The creators knew that they had to limit the requirements for staging this piece since the war created numerous difficulties. It was hard to find experienced young musicians and actors.  The style of the production needed to be spare since the production would tour small towns.  Also it was difficult to acquire the materials to create sets and costumes.  Stravinsky determined that this dramatic piece would require a small orchestra—seven instruments and that the musicians would sit on one side of the stage. A Narrator would be seated on the opposite side of the stage and the actors would work in the center area.

The first tale in this piece relates to a World War One soldier walking home to enjoy a ten days leave, but he intends to stay home rather than return to his unit. The Soldier (named Joseph) sits down to rest and play his fiddle.  A little old man (the Devil) appears and he wants the fiddle. The soldier is tricked into trading the fiddle for the book which will provide him with great wealth. The soldier goes home with the Devil to teach him to play the instrument.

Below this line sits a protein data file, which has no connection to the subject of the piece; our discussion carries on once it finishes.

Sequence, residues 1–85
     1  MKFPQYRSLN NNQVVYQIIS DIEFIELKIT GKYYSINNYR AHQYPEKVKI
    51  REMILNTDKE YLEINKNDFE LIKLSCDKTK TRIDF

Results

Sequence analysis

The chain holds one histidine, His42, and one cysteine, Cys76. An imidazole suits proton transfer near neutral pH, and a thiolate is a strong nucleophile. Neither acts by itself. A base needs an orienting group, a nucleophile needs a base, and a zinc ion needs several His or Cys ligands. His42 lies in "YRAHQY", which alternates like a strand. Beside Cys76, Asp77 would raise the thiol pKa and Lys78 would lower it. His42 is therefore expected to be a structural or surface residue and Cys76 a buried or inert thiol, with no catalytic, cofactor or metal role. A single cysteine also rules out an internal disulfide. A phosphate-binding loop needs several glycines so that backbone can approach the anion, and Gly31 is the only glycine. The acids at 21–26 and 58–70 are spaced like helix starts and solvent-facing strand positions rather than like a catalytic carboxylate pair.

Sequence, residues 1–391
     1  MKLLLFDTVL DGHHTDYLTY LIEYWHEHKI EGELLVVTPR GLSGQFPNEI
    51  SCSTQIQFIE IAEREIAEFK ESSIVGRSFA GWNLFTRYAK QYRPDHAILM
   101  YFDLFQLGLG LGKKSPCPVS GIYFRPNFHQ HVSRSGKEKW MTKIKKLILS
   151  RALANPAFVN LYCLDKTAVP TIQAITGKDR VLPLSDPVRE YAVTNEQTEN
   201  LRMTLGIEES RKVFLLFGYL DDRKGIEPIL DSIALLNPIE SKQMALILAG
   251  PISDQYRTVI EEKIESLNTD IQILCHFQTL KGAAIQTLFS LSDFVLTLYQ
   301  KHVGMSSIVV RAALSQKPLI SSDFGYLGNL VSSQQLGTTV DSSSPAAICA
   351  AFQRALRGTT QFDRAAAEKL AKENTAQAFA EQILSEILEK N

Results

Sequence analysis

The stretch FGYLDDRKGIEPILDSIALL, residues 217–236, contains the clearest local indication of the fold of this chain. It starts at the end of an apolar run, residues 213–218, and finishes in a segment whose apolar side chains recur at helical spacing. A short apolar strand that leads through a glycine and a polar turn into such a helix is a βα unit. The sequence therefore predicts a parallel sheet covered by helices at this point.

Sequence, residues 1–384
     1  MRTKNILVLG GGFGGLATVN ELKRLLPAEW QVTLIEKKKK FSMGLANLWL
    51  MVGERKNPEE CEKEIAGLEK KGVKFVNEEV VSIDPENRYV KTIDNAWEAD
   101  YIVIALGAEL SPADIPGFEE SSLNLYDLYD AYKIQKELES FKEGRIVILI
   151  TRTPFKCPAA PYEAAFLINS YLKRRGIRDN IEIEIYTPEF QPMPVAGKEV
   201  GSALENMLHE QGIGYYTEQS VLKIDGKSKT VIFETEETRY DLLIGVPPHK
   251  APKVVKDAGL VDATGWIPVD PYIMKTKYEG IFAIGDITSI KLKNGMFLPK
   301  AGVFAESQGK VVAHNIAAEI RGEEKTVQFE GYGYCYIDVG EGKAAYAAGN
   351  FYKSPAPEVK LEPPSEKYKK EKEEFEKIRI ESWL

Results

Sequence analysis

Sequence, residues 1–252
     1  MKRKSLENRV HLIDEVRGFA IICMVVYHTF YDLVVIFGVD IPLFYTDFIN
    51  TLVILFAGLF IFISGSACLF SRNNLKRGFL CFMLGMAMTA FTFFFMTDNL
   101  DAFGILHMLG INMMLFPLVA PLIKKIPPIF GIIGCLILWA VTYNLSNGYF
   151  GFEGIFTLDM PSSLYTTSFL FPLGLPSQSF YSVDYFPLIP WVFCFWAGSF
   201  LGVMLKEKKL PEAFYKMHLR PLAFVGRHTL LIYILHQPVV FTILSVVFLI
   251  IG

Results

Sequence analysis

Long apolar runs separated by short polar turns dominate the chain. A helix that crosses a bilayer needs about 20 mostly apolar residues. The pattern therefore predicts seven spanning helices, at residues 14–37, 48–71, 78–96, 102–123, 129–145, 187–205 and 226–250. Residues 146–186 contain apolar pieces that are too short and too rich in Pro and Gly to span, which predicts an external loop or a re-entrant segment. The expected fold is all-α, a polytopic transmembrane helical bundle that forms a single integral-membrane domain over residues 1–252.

The Narrator describes the lifestyle that Soldier has while living with the Devil. When the Devil takes him home to his mother, Mrs. Grey.  No one recognizes Soldier.  He realizes that it is three years later and he is dead. He has lost everything he loved including his fiddle, but he is left with the Devil’s book.